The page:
Basically, proponents are trying to claim a distinction without a difference. They're attempting to distinguish between so-called experimental cloning and the reproductive kind by asserting that there's a difference between the two because their objectives vary.

In reproductive cloning, the embryo is implanted in a woman's uterus in order to produce a birth. In so-called experimental cloning, the human embryo is cloned using the same biotechnology that produced Dolly the sheep, where the nucleus of a skin cell is transferred into an egg and transformed into an embryo, only here the embryo is allowed to develop for about a week and then it's disassembled.

Those who seek to advance this type of research also like to play another semantic game. They intentionally avoid using the words "embryo" and "embryonic, opting instead for the sophisticated sounding term "pluripotent stem cells." And human embryos that come from fertility clinics are referred to with the clinically sounding words "surplus products of in vitro fertilization."

If passed, what Proposition 71 would do is amend the California Constitution and force the people of the state to engage in and subsidize a huge cloning experiment. Gibson brings up a good question: "If cloning human embryos for destruction is so promising, why aren't private companies paying the $6 billion?"

Well, private companies aren't paying because the costs involved in embryonic stem cell research are exorbitant, and the only thing that the over two decades of research has yielded is a load of failed experiments and a record of rejection, mutation and tumor creation. It hasn't produced one single solitary human cure.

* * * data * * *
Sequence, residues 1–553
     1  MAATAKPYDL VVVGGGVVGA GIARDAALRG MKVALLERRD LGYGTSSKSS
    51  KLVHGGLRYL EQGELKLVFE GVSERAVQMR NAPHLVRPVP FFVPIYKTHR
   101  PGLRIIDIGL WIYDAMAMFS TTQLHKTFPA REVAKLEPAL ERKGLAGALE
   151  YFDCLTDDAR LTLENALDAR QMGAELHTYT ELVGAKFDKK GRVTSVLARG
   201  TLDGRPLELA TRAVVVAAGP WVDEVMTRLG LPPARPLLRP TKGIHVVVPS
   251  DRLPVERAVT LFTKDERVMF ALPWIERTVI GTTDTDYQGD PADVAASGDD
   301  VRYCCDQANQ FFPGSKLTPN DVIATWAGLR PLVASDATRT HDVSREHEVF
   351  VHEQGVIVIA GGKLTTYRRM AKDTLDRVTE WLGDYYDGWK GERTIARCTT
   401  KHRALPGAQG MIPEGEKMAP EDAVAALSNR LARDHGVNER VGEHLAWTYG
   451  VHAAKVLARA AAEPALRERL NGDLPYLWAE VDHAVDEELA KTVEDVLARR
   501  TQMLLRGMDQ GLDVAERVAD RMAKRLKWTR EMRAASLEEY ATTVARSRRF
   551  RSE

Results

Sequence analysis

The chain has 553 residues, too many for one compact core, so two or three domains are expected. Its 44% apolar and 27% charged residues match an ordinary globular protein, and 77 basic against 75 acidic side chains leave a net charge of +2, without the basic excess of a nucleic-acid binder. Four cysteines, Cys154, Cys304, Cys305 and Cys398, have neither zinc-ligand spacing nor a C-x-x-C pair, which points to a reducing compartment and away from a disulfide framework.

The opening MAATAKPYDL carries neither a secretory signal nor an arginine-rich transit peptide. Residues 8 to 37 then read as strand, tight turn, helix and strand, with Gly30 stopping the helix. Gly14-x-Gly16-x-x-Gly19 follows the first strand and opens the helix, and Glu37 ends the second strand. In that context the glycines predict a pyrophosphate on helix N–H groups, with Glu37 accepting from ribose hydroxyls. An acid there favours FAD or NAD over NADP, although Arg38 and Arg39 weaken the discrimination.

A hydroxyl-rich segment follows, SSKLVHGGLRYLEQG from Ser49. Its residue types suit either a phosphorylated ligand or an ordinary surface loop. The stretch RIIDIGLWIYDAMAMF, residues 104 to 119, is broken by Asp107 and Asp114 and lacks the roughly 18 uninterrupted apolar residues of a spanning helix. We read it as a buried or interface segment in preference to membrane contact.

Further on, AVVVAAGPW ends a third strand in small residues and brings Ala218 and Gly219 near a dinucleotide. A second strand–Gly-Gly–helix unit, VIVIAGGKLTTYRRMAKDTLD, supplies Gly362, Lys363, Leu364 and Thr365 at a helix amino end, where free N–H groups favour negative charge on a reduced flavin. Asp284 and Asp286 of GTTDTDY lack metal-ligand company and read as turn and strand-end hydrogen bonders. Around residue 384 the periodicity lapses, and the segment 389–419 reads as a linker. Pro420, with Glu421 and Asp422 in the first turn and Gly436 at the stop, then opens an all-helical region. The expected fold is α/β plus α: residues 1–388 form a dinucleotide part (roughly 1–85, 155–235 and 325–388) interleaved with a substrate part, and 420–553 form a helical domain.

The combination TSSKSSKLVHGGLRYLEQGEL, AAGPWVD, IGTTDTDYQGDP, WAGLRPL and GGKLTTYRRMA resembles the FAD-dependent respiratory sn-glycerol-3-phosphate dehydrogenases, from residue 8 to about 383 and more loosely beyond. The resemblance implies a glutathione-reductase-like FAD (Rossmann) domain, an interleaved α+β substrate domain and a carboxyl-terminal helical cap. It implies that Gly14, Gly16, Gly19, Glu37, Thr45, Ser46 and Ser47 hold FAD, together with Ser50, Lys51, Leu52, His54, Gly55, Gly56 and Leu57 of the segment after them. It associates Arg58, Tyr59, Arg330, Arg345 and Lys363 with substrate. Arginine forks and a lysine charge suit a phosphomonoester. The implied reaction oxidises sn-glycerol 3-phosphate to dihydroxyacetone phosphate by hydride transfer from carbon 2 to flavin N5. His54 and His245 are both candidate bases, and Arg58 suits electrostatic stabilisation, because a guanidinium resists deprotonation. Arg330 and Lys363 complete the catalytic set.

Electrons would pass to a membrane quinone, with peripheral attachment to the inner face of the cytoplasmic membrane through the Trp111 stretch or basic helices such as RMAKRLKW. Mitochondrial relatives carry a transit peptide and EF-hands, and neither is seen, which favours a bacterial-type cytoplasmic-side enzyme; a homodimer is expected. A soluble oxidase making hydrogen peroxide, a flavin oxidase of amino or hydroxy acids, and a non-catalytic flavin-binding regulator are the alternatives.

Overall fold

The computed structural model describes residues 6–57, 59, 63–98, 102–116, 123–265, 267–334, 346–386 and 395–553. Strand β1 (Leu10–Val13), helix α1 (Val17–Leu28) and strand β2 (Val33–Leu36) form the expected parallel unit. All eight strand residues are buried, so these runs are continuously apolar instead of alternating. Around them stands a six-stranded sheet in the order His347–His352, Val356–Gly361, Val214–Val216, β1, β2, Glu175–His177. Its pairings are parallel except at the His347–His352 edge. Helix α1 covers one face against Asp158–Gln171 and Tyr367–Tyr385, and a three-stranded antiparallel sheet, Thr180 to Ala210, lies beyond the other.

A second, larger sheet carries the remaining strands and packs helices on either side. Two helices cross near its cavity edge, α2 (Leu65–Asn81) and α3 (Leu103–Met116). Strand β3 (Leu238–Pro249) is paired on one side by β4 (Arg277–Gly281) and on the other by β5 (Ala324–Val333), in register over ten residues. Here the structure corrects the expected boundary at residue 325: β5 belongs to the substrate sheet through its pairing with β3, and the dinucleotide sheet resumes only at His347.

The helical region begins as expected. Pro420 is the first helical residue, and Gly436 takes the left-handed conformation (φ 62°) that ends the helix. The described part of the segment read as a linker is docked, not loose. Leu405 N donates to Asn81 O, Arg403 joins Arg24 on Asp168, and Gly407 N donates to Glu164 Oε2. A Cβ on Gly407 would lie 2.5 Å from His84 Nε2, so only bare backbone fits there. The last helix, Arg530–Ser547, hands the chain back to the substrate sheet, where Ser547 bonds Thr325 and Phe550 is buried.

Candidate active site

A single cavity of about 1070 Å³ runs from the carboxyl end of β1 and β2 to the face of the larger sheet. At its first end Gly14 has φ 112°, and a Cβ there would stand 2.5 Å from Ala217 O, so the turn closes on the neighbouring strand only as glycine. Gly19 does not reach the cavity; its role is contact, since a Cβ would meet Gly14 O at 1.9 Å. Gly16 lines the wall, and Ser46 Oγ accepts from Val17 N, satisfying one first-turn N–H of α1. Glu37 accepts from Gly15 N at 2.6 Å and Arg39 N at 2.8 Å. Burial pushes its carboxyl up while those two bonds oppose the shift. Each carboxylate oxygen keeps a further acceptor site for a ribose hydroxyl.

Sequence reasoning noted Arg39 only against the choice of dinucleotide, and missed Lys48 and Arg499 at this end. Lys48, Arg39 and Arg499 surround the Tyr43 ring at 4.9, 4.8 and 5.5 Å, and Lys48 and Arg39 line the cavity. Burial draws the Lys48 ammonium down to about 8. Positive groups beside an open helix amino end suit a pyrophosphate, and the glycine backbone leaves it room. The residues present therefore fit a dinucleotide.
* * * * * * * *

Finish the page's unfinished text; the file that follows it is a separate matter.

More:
Meanwhile, what's being ignored in the measure and the general discussion are the positives about adult and umbilical cord stem cell use. These cells have been used to treat several dozen diseases and serious medical conditions like spinal cord injury, Parkinson's disease, stroke, cardiac damage and multiple sclerosis. Part of the reason for the success story is that adult stem cells avoid the problems of tissue rejection. The hope they offer is real.

The cash-strapped state of California is in no position to spend $6 billion on totally unproven therapies that involve unethical techniques or on a plan that benefits biotech companies which, incidentally, hold key patents to the cloning research.

The way I see it, rather than being compassionate, Proposition 71 is a cruel hoax. It raids public coffers so that fat cats don't have to risk their own cash. It disregards the real promise of tomorrow by ditching the effective adult stem cell route and taking the embryonic dirt path. And in a truly despicable fashion, it callously peddles false hope to millions of patients and their families who desperately await cures.

Why Mel Gibson is voting NO on PROP 71

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Copyright © 2004
James L. Hirsen, J.D., Ph.D.